Book Image

Linux System Programming Techniques

By : Jack-Benny Persson
Book Image

Linux System Programming Techniques

By: Jack-Benny Persson

Overview of this book

Linux is the world's most popular open source operating system (OS). Linux System Programming Techniques will enable you to extend the Linux OS with your own system programs and communicate with other programs on the system. The book begins by exploring the Linux filesystem, its basic commands, built-in manual pages, the GNU compiler collection (GCC), and Linux system calls. You'll then discover how to handle errors in your programs and will learn to catch errors and print relevant information about them. The book takes you through multiple recipes on how to read and write files on the system, using both streams and file descriptors. As you advance, you'll delve into forking, creating zombie processes, and daemons, along with recipes on how to handle daemons using systemd. After this, you'll find out how to create shared libraries and start exploring different types of interprocess communication (IPC). In the later chapters, recipes on how to write programs using POSIX threads and how to debug your programs using the GNU debugger (GDB) and Valgrind will also be covered. By the end of this Linux book, you will be able to develop your own system programs for Linux, including daemons, tools, clients, and filters.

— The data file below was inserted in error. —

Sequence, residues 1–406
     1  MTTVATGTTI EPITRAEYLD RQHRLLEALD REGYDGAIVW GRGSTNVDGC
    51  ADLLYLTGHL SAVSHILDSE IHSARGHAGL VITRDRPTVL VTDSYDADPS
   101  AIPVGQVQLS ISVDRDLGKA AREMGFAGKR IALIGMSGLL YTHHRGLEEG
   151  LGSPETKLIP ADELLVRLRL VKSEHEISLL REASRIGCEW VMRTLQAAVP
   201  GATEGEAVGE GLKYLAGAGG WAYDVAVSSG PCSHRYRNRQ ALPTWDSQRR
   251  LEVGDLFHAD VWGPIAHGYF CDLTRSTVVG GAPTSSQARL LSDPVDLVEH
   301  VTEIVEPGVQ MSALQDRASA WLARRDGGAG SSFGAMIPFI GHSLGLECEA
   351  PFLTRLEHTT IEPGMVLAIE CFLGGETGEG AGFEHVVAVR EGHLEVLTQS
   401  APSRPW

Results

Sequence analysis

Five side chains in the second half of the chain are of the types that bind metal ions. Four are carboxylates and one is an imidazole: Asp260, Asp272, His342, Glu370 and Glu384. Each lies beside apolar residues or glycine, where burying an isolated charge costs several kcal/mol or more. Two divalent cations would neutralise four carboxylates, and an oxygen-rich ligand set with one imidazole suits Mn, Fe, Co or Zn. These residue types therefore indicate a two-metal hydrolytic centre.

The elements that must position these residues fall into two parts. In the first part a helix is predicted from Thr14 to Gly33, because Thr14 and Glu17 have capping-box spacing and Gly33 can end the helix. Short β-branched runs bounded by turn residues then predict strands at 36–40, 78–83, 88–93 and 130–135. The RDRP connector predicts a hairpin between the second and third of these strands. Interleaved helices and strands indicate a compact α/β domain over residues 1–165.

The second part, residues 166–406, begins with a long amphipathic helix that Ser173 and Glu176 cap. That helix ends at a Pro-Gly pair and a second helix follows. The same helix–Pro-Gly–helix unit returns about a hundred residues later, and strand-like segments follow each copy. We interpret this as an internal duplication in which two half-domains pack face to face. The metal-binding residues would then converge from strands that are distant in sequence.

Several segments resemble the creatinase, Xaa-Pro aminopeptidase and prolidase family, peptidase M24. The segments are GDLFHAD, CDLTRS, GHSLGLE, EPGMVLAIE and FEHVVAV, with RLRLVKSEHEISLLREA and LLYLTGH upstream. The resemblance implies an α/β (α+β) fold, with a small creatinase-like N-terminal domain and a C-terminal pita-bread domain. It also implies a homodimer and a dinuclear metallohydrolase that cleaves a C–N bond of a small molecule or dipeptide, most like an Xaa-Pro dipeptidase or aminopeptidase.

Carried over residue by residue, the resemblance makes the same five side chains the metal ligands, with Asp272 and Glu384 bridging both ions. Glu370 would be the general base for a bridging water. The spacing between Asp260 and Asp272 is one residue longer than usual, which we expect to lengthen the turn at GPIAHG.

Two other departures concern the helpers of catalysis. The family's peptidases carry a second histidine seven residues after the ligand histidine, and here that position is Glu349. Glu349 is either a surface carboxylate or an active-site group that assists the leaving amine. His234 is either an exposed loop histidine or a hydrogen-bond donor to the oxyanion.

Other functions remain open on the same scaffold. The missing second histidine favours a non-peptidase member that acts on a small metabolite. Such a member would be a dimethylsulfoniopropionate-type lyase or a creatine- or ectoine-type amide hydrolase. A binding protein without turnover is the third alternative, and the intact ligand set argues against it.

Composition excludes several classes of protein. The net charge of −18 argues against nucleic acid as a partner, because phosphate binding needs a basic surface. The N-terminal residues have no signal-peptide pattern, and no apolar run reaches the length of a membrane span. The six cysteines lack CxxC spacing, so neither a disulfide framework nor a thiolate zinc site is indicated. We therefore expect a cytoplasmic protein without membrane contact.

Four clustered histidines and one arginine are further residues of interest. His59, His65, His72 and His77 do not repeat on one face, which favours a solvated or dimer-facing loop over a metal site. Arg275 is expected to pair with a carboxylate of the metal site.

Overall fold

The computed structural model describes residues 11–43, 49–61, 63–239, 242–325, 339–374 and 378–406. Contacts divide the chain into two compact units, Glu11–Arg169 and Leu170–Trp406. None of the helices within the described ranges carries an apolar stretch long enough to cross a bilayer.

Table of Contents (14 chapters)

Investigating memory with GDB

With GDB, we can learn more about how things work under the hood, for example, strings. A string is an array of characters terminated by a null character. In this recipe, we'll investigate a character array with GDB and see how the null character ends a string.

Knowing how to examine the memory using GDB can be really handy if you encounter weird bugs. Instead of guessing or looping over each character in C, we can directly examine them in GDB.

Getting ready

For this recipe, you'll need the Makefile we wrote in the Starting GDB recipe. You'll also need the GCC compiler and the Make tool.

How to do it…

In this recipe, we'll write a simple program that fills a character array with the character x. Then we'll copy a new, shorter string on top of that and finally print the string. It's only the newly copied string that is printed, even if all the x characters are still there. With GDB, we can confirm this...